The role of the tumor endothelium in leukocyte recruitment in pancreatic cancer.
Although pancreatic cancer tissue frequently induces an immune reaction, immunocompetent cells are not able to eliminate the tumor. One potential cause for this ineffective immune response is that a number of active, tumor-cytotoxic T cells are not able to invade into the tumor.
A potential barrier for invading leukocytes can be the tumor endothelium, which controls recruitment of leukocytes from circulating blood into the tissue. Although attenuated expression of adhesion molecules on the tumor endothelium has been proposed as a mechanism which suppresses intratumoral leukocyte infiltration, the relevance of adhesion molecules for leukocyte recruitment in tumor tissue is poorly understood.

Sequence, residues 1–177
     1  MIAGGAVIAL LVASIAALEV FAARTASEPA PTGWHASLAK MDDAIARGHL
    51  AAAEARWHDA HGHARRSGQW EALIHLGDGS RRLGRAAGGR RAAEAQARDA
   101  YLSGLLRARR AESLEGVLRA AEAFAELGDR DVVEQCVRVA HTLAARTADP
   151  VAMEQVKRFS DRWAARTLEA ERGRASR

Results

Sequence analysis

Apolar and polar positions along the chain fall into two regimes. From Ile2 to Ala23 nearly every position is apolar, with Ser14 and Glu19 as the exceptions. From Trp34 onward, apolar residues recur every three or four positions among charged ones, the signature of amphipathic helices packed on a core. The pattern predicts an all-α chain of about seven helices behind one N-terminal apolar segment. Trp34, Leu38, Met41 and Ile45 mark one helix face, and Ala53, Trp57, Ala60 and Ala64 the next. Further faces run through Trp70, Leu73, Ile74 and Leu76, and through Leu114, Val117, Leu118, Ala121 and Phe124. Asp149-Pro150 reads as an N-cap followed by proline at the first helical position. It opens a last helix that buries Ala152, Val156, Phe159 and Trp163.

The leukocyte extravasation in normal pancreas during acute pancreatitis follows the "classic" leukocyte recruitment cascade and is controlled by the overexpression of endothelial adhesion molecules, such as selectins, intracellular adhesion molecule-1, and platelet endothelial cell adhesion molecule-1. In contrast to acute inflammation in normal pancreas, leukocyte recruitment in pancreatic cancer is a slow process, which does not show a strong dependence on intracellular adhesion molecule-1. In addition, pancreatic cancer has a high degree of heterogeneity of both immunogenic properties and the distribution of tumor-infiltrating leukocytes, such as CD8(+), CD4(+), or regulatory T cells.
Additional studies may clarify whether T cell recruitment and their activity in pancreatic cancer can be enhanced by modulation of endothelial adhesion molecules.
Department of Surgery, University of Heidelberg, Germany.
SourceSurgery 152:3 Suppl 1 2012 Sep pg S89-94
Cell Adhesion Molecules
Pub Type(s)Journal Article